A federal multistate suit against Standard & Poor’s over allegations it defrauded investors in mortgage-related securities is unlikely to be resolved before going to trial, according to a source with the Pennsylvania Attorney General’s Office.

"The states would probably settle for a deal, split a billion or two, and ask that S&P never do it again," the source said. "But the feds are driving this and they want an admission of guilt more than the fines."

The complaint alleges that S&P allowed its analysis to be influenced by its desire to earn lucrative fees from its securities-issuing clients.

A statement from Attorney General Kathleen Kane’s office said the alleged misconduct became particularly acute between 2004 and 2007, and continued until as recently as 2011. For example, the attorney general contends that S&P altered its rating methodologies in order to win business, thereby making false or misleading public representations about its own independence and the reliability of its credit ratings.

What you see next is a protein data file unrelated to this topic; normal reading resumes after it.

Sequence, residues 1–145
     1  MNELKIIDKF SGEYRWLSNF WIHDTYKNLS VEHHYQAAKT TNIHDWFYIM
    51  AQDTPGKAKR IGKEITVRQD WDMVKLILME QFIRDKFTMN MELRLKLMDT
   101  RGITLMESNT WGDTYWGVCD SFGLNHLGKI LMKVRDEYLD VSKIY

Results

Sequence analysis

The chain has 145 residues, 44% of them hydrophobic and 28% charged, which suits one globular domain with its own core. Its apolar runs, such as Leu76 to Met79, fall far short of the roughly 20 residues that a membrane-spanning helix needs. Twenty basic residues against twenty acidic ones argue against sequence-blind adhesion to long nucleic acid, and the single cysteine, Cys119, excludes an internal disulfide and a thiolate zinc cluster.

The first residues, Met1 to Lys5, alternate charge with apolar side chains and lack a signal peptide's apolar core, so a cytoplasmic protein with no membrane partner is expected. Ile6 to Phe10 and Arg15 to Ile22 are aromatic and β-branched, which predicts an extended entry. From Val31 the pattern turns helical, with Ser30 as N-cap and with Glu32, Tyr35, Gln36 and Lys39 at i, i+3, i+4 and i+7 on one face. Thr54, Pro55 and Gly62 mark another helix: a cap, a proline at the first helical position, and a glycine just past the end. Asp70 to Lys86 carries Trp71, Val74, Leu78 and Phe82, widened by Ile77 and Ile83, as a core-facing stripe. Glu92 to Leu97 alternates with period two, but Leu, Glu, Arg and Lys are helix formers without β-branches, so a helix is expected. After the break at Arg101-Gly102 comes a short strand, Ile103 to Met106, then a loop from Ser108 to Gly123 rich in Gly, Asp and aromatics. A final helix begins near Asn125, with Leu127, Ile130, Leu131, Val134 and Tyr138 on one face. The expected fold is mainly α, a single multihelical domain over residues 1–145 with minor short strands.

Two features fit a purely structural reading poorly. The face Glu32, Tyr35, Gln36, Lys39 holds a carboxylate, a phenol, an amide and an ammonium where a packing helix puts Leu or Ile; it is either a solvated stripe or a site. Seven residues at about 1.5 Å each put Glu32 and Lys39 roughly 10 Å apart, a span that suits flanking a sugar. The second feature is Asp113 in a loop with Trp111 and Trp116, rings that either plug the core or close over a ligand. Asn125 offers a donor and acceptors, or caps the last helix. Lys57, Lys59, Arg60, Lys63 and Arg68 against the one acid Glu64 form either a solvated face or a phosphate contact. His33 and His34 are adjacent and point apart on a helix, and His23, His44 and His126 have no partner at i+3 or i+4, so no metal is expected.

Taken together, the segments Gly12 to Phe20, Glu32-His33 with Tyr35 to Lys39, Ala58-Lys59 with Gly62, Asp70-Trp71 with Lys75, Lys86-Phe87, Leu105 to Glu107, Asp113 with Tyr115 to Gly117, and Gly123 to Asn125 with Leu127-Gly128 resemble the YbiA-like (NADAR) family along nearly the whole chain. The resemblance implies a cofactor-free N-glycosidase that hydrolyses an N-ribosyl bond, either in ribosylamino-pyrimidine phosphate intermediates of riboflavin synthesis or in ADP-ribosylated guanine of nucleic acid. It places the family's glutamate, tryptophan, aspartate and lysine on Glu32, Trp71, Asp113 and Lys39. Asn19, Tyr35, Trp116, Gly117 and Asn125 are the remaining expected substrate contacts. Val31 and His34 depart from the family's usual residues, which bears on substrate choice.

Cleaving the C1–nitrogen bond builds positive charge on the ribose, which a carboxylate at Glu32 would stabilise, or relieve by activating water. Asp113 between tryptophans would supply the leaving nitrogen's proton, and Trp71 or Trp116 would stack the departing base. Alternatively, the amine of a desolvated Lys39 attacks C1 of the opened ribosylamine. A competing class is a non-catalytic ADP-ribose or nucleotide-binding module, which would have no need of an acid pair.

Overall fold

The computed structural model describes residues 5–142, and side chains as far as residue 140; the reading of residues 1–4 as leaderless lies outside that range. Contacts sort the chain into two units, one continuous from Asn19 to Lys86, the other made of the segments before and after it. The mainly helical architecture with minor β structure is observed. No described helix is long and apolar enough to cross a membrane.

S&P said in a statement that the the Department of Justice and some states have filed meritless civil lawsuits against the company, challenging some of "our 2007 CDO ratings and the underlying RMBS models. Claims that we deliberately kept ratings high when we knew they should be lower are simply not true. We will vigorously defend S&P against these unwarranted claims."